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Education: Charter school enrollment critical to funding

By Charles Swenson
Coastal Observer

When students arrive at the Coastal Montessori Charter School in August they will bring more than a bookbag and a lunch. Unseen as they enter the doors of their new classroom will be the share of Georgetown County School District revenue that follows each student.

Charter schools get public funding, but are governed by their own boards and exempt from some state regulations.

How much funding Coastal Montessori will receive depends on how many students show up. The charter school board and the school district have different views on what that number will be.

The charter school’s $1.14 million budget projects $975,377 in funds from the county.

The school district’s $74.7 million budget projects it will spend $540,000 on the charter school.

The difference between those two figures is more than the charter school budgeted for all its support services. It’s a little more than the school district budgeted to add six full-time teaching positions in the coming year.

“That’s one of the most difficult things, having dealt with charter schools in the past, budgets and projections,” Superintendent Randy Dozier said. “We tried to make sure we were accurate.”

The charter school, which is sponsored by the school district, plans to enroll 138 students in grades one through six. Lonnie Yancsurak, the school director, believes it will hit that target and said it could go higher. Another 25 students have been added to the waiting list.

“It just keeps growing,” he said. “I get calls every day.”

The school district estimates 85 to 90 students will enroll in the charter school, Dozier said. That’s based on discussions with the principals at Waccamaw Elementary and Waccamaw Intermediate.

“They have more than that registered, but some people are telling us they’re not going to attend,” Dozier said.

While the school district bases its budget on projections for local and state revenue for the coming year, funding for the charter school is based on the district’s per-pupil spending for the fiscal year that ended in 2011.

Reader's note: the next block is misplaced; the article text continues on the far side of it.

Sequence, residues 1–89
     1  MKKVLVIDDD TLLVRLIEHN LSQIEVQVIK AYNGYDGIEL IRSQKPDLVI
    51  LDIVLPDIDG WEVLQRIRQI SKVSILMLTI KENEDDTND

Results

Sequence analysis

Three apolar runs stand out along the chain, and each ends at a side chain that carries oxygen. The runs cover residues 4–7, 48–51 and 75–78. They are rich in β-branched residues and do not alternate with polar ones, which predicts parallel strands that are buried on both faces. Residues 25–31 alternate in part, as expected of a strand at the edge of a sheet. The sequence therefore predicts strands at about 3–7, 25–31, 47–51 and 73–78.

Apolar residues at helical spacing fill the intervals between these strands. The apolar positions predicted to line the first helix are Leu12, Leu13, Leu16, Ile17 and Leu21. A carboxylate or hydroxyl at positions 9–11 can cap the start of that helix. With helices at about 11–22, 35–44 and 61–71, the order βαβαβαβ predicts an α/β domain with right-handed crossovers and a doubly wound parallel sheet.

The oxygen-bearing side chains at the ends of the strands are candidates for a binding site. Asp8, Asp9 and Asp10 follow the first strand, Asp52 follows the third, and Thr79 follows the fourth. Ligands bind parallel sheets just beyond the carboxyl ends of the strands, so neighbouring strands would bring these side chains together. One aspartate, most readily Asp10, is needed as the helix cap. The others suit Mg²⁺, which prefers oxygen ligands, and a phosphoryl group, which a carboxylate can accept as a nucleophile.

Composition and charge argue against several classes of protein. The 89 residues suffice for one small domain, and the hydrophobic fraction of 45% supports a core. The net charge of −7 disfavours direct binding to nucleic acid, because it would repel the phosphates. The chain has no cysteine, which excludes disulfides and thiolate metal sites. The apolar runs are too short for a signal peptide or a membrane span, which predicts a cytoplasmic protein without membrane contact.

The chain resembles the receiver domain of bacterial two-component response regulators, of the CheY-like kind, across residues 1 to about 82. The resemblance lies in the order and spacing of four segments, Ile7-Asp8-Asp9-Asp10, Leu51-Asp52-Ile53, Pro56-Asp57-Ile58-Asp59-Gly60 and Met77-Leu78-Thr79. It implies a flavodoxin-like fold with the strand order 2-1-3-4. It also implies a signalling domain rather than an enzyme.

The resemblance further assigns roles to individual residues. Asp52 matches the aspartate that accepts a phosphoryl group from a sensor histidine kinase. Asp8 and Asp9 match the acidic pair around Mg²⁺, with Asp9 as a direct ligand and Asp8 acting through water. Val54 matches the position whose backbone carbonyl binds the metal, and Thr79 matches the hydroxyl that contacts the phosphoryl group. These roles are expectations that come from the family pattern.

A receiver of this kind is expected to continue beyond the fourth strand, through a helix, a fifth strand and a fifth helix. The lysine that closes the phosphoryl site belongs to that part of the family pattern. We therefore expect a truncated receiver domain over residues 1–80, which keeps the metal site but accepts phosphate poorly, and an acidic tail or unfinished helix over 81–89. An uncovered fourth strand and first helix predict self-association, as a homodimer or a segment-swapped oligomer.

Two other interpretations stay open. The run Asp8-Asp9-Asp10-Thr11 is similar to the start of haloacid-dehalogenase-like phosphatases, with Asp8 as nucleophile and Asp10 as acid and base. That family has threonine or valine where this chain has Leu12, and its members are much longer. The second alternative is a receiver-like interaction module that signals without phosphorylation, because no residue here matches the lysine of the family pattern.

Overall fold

That was $5,823.97, said Bill Moser, a charter school consultant who helped prepare the Coastal Montessori budget. The figure is based on the district’s audit.

Some students get more than that. Those in grades one through three get $6,415.50, based on a state formula that “weights” them at 1.24. Students in grades four through six are weighted at 1, but students classified with special needs get weightings from 1.9 to 5.7.

“We don’t know the classification of our students,” Moser said, so an extra 10 percent was estimated. That’s also based on a state formula.

The charter school isn’t waiting until August to see who shows up. Parents and staff last weekend painted the vacant sixth-grade wing at Waccamaw Middle School that will house the school. There is a “family night” planned June 28, the first of a regular series of monthly get-togethers for the school. The school is also updating its website and sent out its first electronic newsletter last week.

Yancsurak plans to visit each family with a child registered at the school.

There are few places to cut if the enrollment doesn’t bring in the projected revenue, he said.

Rob Horvath, the charter board chairman, shares Yancsurak’s optimism about enrollment. The Montessori component, in addition to drawing on the established private Pawleys Island Montessori School, gives the charter an obvious difference from other public schools, he said.

Horvath met with district staff last week as part of the on-going process of opening the charter. He understands the district is cautious about the enrollment numbers, and thinks the caution is a holdover from the Harbor School, a charter that operated in Georgetown from 1998 to 2000. It closed due to financial problems.

Charter school financing is still tough. Coastal Montessori has frozen spending while it awaits reimbursement for a $75,000 federal start-up grant. The organizers took out two loans to help get the school started. Another $173,000 grant is in the budget for the coming year, but that money won’t be available except to reimburse the school for what it spends.

The good news for the charter is that state funds, which are passed through the school district, should start to flow next month. “They should get money within the first two weeks of July,” Moser said.

What it gets will be based on the per-pupil funding formula and the district’s estimates of enrollment, he explained. Another payment will come in August. The next installment will be based on enrollment for the first 10 days of the school year. If the number is higher than the district estimates for July and August, the district will have to make up the difference.

There will be another adjustment after enrollment is counted on the 45th day of the new school year.

If the district estimates are correct, “we’ll run out of money by November,” Moser said.

If the school meets its enrollment goal, it can expect to get a rise in funds in December. That’s when the school district’s next audit will be approved. With an increase in revenue for the fiscal year that ends June 30 and a decrease in the district’s enrollment, the per pupil figure is likely to rise.

If Coastal Montessori enrollment projections are accurate, “we’ll have to adjust,” Dozier said. “We’ll just have to see.”

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